“We found that the presence of OA doubled the risk of central sensitization, and as the severity of OA increased, so did the chance of central sensitization,” says Dr. Neogi. She adds that the data also suggested that the longer the duration of OA, the greater the risk of central sensitization.
You Might Also Like
Explore This IssueMarch 2011
Dr. Neogi also found that if central sensitization is present in a person who has had total knee replacement (TKR), the risk of pain in the replaced knee is twice what it would be in a person without central sensitization and that these patients were 67% less likely to experience pain improvement. Dr. Neogi notes that in future research, it will be important to determine if central sensitization can be used to predict TKR outcome and to determine if it is possible to time TKR so that central sensitization changes are not yet permanent. Dr. Neogi believes that people are probably not at equal risk, and that genetics or other factors may modulate this risk. Research conducted during the next three to five years may hold the answers to some of these questions.
What to do in the meantime? “We don’t have an effective treatment that alters progression of OA,” she says, adding that additional research may determine if there’s any potential benefit of knee bracing or orthotics. Physical therapy for musculoskeletal and gait issues are important, she says, adding that nonpharmacologic approaches are cost effective but underused. She urged more attention to sleep, mood, and coping issues in these patients.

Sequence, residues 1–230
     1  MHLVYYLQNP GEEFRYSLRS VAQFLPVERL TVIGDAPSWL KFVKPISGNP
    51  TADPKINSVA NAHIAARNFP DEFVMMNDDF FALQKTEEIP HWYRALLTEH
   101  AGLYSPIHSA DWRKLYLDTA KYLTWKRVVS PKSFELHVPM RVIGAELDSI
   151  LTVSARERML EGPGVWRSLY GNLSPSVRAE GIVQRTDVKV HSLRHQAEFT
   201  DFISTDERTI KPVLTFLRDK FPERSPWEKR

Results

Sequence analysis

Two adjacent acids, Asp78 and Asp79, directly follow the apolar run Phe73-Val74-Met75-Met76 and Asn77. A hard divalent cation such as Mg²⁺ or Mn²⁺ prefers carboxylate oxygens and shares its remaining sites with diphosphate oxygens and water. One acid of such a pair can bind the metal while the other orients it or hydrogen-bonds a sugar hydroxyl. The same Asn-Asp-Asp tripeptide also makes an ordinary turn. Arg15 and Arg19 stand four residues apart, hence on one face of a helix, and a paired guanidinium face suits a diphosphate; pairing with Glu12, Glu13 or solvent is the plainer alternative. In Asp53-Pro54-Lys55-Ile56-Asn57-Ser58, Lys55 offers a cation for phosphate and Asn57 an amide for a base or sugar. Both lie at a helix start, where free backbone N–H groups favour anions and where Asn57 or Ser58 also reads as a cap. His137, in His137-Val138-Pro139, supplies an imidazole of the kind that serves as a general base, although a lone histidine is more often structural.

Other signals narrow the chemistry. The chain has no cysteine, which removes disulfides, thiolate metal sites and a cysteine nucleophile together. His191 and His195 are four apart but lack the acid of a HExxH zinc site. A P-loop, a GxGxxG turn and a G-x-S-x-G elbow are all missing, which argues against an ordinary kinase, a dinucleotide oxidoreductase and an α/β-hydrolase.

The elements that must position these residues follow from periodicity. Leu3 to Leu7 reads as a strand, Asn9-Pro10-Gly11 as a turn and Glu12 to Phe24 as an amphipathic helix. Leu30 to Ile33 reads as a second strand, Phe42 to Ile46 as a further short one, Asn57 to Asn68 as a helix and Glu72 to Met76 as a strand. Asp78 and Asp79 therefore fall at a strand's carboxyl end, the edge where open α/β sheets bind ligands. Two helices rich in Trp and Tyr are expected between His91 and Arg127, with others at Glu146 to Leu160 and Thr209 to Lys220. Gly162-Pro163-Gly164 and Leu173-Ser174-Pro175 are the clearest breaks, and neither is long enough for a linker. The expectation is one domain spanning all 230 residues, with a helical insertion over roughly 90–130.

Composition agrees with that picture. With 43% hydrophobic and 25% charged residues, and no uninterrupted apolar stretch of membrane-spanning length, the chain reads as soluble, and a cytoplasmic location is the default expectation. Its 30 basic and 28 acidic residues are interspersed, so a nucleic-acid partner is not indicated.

Weight loss is also critical. “Without it, anything you try will be less effective,” she concludes.
The Hidden Dangers of Opioids: Opioid-Induced Hyperalgesia
Imagine how difficult it would be to take seriously a colleague’s report that the more sugar he added to his coffee, the more bitter it tasted. That’s the challenge potentially faced by pain specialists who introduce the concept of opioid-induced hyperalgesia to a patient with chronic pain problems, as described at the conference by Jianren Mao, MD, PhD, director of the Massachusetts General Hospital Center for Translational Pain Research and associate professor at Harvard Medical School in Boston.
Dr. Mao’s recent research explores the paradoxical phenomenon of opioid-induced hyperalgesia. Unlike tolerance, hyperalgesia is characterized by an increase in pain perception that seems to be worsened, not improved, by dosage escalation.1
“No one can say for sure, but there have been clinical reports of people whose pain is exacerbated at higher opioid doses. When the dose is reduced, they feel better,” he says.